Many classes of pesticides may provoke the formation of reactive oxygen species (ROS) and induce oxidative stress (Elia et al., 2002; Sayeed et al., 2003). To neutralize the toxic effect of ROS fishes have antioxidant defense enzymes like superoxide dismutase, catalase and glutathione peroxidase (Orbea et al., 2002). These enzymes could save the fish’s tissues from oxidative damage under normal conditions and can be used as sensitive biomarkers of oxidative stress in fish exposed to aquatic toxicants (Ahmad et al., 2000). Most of the available literature deals with the effects of single pesticides to fish butthere is no information regarding to the effects of pesticides in mixture form. Therefore, current work was conducted to assess the effect of insecticides mixture (deltamethrin+endosulfan) on catalase activity in hepatic tissue of Channa striata.


Materials and Methods

Experimental fish and conditions

Carnivorous fish, Channa striata called “snakehead murrel”, were collected from natural breeding grounds and shifted to the Toxicology laboratory at Fisheries Research Farm, University of Agriculture Faisalabad. C.striata were acclimatized to laboratory condition for 14days and then fish were moved to 100-L glass aquaria each containing a group of fish (n=10). The 96-hr LC50 of insecticides, deltamethrin (DM)+endosulfan (END) mixture for C.striata was 1.374 μgL-1 as calculated by Abdullah (2018). Fishes were exposed to the sub-lethal concentration (1/3rdof LC50) of DM+END mixturefor 14 days.

Isolation and partial purification of CAT

For isolation of enzyme extract, hepatic tissues wereweighted and phosphate buffer (pH 6.5) added by the ratio of 4:1 (w/v). The sample was homogenized for 15 minutes by using pestle and mortar.Tissues homogenatewas filtered and centrifuged in refrigerator centrifugal machine at 10,000 rpm for 15 minutes.Both sediments and supernatants were separated for further analysis. The extracted CAT (crude) was then partially purified by ammonium sulphate precipitation using the method of Shin et al. (1993). Ammonium sulfate precipitationwas performed in two steps including Salting-in (60%) and Salting-out (80%) steps. Precipitated enzyme sample obtained through salting-out process in residue form was dialyzed against low ionic strength phosphate buffer (pH 7.4) with the help of dialysis bag. All of the obtained sample supernatants, sediments, and desalting sample were subjected to enzyme essay and protein contents estimation. Catalase activity was determined by following the method of Chance and Mehaly (1977) at 240 nm.

Estimation of protein contents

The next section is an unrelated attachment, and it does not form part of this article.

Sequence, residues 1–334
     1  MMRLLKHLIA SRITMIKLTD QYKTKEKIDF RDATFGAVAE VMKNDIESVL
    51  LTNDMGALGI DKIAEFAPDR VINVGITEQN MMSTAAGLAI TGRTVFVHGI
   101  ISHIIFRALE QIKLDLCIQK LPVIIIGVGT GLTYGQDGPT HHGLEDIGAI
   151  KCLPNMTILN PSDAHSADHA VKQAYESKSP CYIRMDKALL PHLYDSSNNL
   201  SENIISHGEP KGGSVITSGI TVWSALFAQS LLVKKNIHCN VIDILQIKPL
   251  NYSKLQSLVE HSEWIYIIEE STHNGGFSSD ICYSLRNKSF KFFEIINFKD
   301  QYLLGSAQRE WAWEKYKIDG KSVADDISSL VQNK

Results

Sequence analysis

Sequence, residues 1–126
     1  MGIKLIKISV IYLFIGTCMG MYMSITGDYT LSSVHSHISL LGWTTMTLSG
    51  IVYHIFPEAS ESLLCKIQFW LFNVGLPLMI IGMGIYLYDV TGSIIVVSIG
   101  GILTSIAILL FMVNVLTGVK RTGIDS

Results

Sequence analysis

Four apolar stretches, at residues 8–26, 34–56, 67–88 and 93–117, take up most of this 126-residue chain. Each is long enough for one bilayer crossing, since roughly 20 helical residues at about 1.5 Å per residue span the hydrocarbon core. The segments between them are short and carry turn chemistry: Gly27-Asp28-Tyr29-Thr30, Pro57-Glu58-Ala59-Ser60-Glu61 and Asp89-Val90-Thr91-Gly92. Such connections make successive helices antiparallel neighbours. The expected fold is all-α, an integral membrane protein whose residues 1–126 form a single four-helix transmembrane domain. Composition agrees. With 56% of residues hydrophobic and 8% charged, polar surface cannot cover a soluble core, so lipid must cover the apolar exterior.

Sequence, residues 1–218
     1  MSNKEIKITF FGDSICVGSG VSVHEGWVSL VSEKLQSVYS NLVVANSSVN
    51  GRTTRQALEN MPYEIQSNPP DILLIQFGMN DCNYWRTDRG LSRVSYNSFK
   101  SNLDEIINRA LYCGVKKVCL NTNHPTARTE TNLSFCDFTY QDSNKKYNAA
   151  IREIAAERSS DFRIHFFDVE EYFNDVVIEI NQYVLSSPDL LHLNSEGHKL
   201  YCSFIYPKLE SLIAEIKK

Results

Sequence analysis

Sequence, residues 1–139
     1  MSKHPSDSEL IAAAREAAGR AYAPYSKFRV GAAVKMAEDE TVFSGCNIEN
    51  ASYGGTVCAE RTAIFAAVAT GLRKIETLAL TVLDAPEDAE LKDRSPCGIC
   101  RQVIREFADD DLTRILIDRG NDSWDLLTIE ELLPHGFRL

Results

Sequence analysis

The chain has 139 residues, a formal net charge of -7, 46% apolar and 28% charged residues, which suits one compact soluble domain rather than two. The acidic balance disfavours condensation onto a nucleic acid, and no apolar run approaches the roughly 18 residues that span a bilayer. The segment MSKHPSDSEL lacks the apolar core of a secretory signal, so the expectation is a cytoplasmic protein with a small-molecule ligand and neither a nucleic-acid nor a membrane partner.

Protein contents of the sample were estimated by using Biuret method (Gornall et al., 1949).

Kinetic characterization of CAT

Optimum pH was determined by assaying the purified CAT from hepatic tissues of wild C.striata at different pH ranging from 4-12 (4.0, 4.5, 5.0, 5.5, 6.0, 6.5, 7.0, 7.5, 8.0, 8.5, 9.0, 9.5, 10.0, 10.5, 11.0, 11.5 and 12.0).To obtain optimum temperature for purified hepatic CAT of C.striata was assaying at different temperatures ranging from 5-50oC (5, 10, 15, 20, 25, 30, 35, 40, 45 and 50) keeping the pH at which purified catalase showed highest activity (Nakamura et al., 2000; Al-Bar, 2012).

Statistical analysis

Data obtained in this study were represented as Mean Standard Deviation (Mean±SD). ANOVA was applied to calculate statistical difference (p<0.05) in CAT activity between both control and exposed group (Steel et al., 1997). MS excel was used to draw the graph.



Activity of hepatic CAT

The result showed that lowest CAT activity was calculated in hepatic tissue to END+DM exposed C. striata (91.62±0.71 UmL-1) in comparison to crude extract control(97.56±1.41 UmL-1). Desalting result also confirmed that CAT activity was the lowest in END+DM exposed fish hepatic tissue as compared to controlled. The result also showed that enzyme activity decreased gradually from crude extract to desalted sample (Figure 1).


Specific activity of hepatic CAT

The lowest hepatic CAT specific activity was calculated inexposed C. striata (35.23±0.71 Unit mg-1) as compared to control (37.52±1.41 Unit mg-1). After desalting specific activity of hepatic CAT remain lower in exposed fish as 134.30±0.71 Unit mg-1 in relation to control (148.02±0.41 Unit mg-1). Results also indicated that the activity and specific activity is antagonistic to each other at each step of partial purification of enzyme (Figure 2).


Total protein contents, Fold purification and Percent recovery